Resource-rich countries tend to experience slower economic growth and more social problems than do less-endowed countries—a phenomenon dubbed the “resource curse.” But it turns out that in many cases, economic growth begins to underperform long before the first drop of oil is produced; this we call the “presource curse.”
It is strange that commodities trading payments—often the largest payments companies make to government entities—are not covered by EU, Canada or Norway mandatory disclosure laws. The laws apply only to companies that physically engage in extraction of resources.
Everyone knows that implementation of commitments is at the core of the Open Government Partnership’s mission for transformational reforms. However, more than a third of commitments reviewed to date by the Independent Reporting Mechanism have not been implemented.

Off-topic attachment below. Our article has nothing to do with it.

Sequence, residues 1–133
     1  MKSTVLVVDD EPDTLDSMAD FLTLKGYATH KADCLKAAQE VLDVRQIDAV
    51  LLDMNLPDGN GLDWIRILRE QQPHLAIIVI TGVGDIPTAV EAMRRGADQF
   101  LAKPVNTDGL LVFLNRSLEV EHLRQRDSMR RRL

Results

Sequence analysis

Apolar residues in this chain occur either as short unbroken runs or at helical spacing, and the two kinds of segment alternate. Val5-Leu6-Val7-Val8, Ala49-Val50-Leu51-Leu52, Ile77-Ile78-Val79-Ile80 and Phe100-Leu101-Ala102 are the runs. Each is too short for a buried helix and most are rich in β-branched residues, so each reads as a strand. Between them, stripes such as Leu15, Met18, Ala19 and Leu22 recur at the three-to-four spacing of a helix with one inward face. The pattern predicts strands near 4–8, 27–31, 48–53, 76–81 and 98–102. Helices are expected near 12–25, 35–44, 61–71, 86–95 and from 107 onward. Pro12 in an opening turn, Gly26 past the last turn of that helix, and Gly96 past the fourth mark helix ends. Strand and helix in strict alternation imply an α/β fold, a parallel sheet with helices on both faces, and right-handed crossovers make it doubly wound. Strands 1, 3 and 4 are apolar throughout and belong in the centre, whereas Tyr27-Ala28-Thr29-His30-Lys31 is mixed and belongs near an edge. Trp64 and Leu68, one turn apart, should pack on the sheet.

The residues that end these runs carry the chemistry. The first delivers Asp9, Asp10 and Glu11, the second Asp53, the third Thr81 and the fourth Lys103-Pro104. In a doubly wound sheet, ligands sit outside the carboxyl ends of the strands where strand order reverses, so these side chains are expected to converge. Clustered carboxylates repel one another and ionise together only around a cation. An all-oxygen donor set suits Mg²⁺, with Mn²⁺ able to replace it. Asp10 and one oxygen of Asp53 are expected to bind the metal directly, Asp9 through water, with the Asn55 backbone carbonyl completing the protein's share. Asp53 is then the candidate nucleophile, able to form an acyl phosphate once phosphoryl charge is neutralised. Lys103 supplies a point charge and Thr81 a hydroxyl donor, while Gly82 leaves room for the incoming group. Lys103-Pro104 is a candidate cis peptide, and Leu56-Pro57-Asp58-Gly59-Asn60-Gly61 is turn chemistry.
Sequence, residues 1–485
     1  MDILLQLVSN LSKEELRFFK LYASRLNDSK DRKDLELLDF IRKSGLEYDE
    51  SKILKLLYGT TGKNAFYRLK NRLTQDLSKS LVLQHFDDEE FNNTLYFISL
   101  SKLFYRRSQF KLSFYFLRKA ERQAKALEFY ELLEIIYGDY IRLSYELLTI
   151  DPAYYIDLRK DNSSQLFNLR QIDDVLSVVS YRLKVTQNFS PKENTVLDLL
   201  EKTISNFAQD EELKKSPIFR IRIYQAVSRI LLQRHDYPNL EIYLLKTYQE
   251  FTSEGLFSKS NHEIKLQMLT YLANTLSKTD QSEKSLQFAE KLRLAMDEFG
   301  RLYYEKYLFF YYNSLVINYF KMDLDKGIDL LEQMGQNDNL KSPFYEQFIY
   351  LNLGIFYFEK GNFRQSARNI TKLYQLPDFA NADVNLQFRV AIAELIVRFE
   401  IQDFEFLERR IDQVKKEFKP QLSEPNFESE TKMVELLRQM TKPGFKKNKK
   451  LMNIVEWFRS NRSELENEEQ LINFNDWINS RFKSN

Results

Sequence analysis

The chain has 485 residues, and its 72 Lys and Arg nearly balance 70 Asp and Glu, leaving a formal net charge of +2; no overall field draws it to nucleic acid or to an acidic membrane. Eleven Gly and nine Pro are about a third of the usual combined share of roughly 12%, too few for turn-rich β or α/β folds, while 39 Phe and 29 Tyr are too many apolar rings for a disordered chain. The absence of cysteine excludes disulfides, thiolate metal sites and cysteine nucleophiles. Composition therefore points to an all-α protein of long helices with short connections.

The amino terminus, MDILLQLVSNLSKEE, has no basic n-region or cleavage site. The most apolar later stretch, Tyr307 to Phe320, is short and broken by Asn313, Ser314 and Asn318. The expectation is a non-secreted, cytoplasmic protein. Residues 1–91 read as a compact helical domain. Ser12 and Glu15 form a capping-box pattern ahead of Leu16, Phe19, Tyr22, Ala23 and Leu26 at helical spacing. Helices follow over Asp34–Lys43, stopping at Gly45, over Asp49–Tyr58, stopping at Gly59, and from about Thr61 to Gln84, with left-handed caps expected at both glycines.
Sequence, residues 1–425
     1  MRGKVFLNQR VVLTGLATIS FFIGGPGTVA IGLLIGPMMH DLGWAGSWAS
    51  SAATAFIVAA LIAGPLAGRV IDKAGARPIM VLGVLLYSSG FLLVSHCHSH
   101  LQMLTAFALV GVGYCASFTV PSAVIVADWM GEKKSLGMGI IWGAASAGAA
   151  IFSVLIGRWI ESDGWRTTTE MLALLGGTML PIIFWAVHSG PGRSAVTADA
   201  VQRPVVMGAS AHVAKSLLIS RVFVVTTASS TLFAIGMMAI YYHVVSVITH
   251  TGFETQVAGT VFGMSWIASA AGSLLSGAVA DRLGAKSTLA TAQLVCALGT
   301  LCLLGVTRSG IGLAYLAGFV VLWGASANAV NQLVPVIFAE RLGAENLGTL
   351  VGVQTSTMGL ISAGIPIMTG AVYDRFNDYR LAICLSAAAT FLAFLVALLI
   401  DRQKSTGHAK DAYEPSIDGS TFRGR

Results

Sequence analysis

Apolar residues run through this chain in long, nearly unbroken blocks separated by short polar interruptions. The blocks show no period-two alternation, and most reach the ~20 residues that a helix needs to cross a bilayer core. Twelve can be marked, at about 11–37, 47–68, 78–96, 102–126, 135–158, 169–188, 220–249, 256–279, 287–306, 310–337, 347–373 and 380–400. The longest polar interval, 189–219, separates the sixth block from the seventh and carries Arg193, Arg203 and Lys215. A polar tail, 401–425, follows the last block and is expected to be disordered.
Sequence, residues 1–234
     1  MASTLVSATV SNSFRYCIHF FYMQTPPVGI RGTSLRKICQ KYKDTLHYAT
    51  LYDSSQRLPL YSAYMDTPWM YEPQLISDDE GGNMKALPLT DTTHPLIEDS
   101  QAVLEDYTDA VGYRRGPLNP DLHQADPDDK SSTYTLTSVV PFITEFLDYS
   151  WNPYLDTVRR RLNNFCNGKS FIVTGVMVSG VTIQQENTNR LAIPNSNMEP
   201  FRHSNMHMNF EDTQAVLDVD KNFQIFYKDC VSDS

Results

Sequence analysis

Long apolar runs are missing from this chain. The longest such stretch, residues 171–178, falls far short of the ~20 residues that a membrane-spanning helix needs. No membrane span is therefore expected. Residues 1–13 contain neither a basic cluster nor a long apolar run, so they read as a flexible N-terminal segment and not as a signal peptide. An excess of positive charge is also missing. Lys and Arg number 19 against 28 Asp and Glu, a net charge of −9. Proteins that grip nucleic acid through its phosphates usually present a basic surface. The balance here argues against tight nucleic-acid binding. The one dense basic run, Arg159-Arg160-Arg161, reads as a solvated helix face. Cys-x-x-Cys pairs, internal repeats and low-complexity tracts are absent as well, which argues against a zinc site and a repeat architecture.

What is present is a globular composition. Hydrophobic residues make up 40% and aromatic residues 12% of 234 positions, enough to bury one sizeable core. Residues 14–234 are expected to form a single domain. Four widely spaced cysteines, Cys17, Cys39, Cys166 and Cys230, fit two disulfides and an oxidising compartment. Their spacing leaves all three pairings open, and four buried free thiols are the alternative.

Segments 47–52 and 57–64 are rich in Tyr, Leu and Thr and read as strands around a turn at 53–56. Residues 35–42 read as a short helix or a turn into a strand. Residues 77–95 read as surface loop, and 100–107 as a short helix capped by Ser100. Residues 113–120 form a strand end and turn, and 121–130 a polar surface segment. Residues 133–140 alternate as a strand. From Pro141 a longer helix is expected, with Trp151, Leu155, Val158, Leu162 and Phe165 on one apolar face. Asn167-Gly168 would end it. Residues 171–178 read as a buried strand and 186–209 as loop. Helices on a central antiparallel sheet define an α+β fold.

NRGI president and CEO Daniel Kaufmann has published a "commodity note" op-ed in the Financial Times regarding the United States government decision to cease its implementation of the Extractive Industries Transparency Initiative.
La vertiginosa expansión de la frontera extractiva en América Latina durante el súper ciclo de materias primas –motivada por los altos precios y la introducción de nuevas tecnologías- ha desencadenado cientos de conflictos socio-ambientales.
The two South American countries are adjusting to the spotlight of the global oil industry. As they adapt to new prospects that are both exciting and challenging, government officials in both hope to learn from the experiences of their peers in other new oil hotspots.
The twists and turns around the possible initial public offering (IPO) of some portion of Saudi Aramco have been monitored by the press like a sporting event. The long-term influence of Aramco’s decision on Saudi Arabia and the global governance of state-owned oil companies promises to be significant.